You will complete three assignments related to your planning and research for the dissertation, which will marked by your tutor although they do not form part of the assessment of your final MA. The first of these will be a brief (1500 word) dissertation proposal for comment and approval by your tutor. The second will consist of a sample chapter (up to 5000 words), on which your tutor will provide detailed feedback. This chapter will form part of your final dissertation (12,000-15,000 words), on which you will then work independently. The third assignment will consist of another sample chapter of new material and a commentary on the proposed final direction of your dissertation (up to 5,000 words in total). This module will be assessed solely on the final dissertation, as submitted. The dissertation will be assessed by your tutor and a second marker. Their recommendations will help to determine the result awarded by the Module Results Panel.

You will submit your dissertation in hard copy, and you will find instructions for doing this in the Dissertation Guide.

Course work includes

3 Tutor-marked assignments (TMAs)
End-of-module assessment
No residential school

Future availability

MA English part 2 starts once a year – in May. This page describes the module that will start in May 2023 when we expect it to start for the last time.


As a student of The Open University, you should be aware of the content of the academic regulations which are available on our Student Policies and Regulations website.

    Entry requirements

    Normally you must have completed one of the discontinued modules MA English part 1 (A815) (or AA810 and either A811 or A813) before you take this module. Alternatively, you can complete your MA by taking A816 if you have already gained 120 credits from the discontinued MA in Literature (F29). 

    If you have any doubt about the suitability of the module, please speak to an adviser.

    Outside the UK

    It is possible to study this module outside the UK, though you will need to ensure that you will be able to access relevant primary and secondary source materials. You will almost certainly need to arrange physical access to a research library in order to use material that is only available in print form.

    Preparatory work

    You will have begun to think about the topic for your dissertation, and begun some initial reading and planning for it before the end of the taught module, MA English part 1 (A815). Before the formal start of A816 you should be compiling your initial bibliography of primary and secondary sources relevant to your topic, and should be thinking about how you might structure your dissertation, so that you are ready to submit your proposal without delay when the module starts.


    Start End England fee Register
    06 May 2023 Jan 2024 -

    Registration now closed

    May 2023 is the final start date for this course. For more information, see Future availability.

    Future availability

    MA English part 2 starts once a year – in May. This page describes the module that will start in May 2023 when we expect it to start for the last time.

    Additional costs

    Study costs

    There may be extra costs on top of the tuition fee, such as set books, a computer and internet access.

    Ways to pay for this module

    We know there’s a lot to think about when choosing to study, not least how much it’s going to cost and how you can pay.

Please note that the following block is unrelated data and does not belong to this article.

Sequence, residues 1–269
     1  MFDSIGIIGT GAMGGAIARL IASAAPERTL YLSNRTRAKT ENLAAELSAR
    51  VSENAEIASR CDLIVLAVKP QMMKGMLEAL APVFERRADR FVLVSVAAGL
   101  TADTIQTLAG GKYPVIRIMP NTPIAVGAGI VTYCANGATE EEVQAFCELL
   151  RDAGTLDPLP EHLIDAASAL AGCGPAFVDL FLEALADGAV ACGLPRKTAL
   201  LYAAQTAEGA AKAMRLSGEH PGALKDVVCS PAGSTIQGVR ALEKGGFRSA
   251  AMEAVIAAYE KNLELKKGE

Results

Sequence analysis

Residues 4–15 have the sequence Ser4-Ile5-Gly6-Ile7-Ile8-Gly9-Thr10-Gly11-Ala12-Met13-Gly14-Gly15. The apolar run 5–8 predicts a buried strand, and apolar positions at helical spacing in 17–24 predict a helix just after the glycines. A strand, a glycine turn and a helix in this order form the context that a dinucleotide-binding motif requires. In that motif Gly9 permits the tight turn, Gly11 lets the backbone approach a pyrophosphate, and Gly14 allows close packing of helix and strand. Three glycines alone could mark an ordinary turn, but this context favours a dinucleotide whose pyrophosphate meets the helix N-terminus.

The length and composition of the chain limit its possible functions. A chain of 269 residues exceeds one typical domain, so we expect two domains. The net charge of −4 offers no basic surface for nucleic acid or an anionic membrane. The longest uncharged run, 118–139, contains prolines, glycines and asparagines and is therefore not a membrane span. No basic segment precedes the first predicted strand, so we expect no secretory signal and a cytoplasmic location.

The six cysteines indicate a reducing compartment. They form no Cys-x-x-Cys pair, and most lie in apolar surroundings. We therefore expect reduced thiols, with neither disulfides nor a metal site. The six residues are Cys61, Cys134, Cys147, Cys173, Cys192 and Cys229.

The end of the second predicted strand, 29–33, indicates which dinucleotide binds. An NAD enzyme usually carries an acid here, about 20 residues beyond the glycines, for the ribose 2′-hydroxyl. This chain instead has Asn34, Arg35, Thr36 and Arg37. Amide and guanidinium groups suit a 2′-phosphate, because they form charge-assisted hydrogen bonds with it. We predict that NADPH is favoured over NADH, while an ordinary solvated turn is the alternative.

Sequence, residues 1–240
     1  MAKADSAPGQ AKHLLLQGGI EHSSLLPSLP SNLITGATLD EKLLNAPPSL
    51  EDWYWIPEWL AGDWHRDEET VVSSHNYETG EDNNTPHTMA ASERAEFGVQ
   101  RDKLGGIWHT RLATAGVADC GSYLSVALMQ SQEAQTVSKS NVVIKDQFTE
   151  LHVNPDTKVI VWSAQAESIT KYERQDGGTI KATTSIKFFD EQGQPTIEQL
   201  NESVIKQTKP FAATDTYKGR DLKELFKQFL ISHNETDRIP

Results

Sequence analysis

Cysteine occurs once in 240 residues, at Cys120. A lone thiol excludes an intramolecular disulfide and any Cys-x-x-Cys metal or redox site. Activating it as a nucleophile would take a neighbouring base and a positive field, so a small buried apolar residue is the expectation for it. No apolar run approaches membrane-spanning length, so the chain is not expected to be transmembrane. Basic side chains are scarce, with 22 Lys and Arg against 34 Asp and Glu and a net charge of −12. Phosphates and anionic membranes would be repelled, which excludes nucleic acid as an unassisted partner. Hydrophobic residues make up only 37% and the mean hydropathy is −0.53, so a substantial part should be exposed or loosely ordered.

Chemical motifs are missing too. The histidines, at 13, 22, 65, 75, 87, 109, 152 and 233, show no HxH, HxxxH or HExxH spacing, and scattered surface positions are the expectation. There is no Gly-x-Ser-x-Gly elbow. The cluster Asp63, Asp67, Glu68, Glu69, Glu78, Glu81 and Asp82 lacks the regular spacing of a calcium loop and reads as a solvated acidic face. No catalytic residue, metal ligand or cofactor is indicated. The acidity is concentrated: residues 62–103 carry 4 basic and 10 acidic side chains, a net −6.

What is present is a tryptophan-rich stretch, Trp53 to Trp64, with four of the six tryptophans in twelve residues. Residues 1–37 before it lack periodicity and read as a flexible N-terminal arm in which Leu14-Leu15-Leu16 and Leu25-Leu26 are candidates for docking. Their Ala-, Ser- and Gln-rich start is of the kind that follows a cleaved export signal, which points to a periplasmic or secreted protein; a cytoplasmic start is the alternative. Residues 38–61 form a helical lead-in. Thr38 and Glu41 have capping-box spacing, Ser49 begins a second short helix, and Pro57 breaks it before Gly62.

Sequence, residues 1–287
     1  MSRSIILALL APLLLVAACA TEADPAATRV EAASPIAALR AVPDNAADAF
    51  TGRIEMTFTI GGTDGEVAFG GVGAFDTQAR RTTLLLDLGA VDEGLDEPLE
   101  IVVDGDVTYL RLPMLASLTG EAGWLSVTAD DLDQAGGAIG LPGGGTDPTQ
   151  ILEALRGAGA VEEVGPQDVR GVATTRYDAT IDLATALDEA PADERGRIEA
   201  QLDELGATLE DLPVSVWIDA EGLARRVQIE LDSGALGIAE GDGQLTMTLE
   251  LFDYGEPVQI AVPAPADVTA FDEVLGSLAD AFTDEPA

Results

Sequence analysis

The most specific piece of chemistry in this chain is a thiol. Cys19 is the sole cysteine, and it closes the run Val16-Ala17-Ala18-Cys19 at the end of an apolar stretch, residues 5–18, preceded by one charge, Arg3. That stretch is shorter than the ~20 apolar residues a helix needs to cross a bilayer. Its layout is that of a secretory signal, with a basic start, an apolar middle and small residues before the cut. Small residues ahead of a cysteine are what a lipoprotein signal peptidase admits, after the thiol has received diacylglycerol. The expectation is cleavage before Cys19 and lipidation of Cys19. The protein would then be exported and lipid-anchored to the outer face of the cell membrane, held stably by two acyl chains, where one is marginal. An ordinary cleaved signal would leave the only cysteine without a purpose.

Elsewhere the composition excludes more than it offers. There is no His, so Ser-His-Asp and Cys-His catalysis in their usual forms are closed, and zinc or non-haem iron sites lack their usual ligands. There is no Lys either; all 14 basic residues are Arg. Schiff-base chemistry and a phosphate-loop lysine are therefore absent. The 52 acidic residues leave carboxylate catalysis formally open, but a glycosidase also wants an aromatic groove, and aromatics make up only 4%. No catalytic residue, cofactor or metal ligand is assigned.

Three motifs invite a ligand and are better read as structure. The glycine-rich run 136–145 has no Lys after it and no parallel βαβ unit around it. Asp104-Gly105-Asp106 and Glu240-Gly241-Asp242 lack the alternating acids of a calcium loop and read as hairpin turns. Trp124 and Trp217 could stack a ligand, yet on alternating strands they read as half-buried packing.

That’s why we keep our fees as low as possible and offer a range of flexible payment and funding options, including a postgraduate loan, if you study this module as part of an eligible qualification. To find out more, see Fees and funding.

    Study materials

    What's included

    You will be provided with a Dissertation Guide setting out specific guidance on the planning and preparation of your dissertation. It will include details of the tasks that you need to undertake along with cut-off dates for assignments. Certain of the critical Readings provided for the part 1 module (A815) may continue to be useful as you plan and work on your dissertation. The Handbook to Literary Research is a set book for this module as well as for A815. It will become increasingly important as you begin independent work on your dissertation. You will have access to a dedicated website which includes online tutorial access and forums and very extensive electronic resources via The Open University Library.

    Computing requirements

    You’ll need broadband internet access and a desktop or laptop computer with an up-to-date version of Windows (10 or 11), or macOS (11 'Big Sur' or higher).

    Any additional software will be provided or is generally freely available.

    To join in spoken conversations in tutorials, we recommend a wired headset (headphones/earphones with a built-in microphone).

    Our module websites comply with web standards, and any modern browser is suitable for most activities.

    Our OU Study mobile app will operate on all current, supported versions of Android and iOS. It’s not available on Kindle.

    It’s also possible to access some module materials on a mobile phone, tablet device or Chromebook. However, as you may be asked to install additional software or use certain applications, you’ll also require a desktop or laptop as described above.

    If you have a disability

    Adobe Portable Document Format (PDF) versions of printed material is available. Some Adobe PDF components may not be available or fully accessible using a screen reader. Alternative formats of the study materials may be available in the future.

    If you have particular study requirements please tell us as soon as possible, as some of our support services may take several weeks to arrange. Visit our Disability support website to find more about what we offer.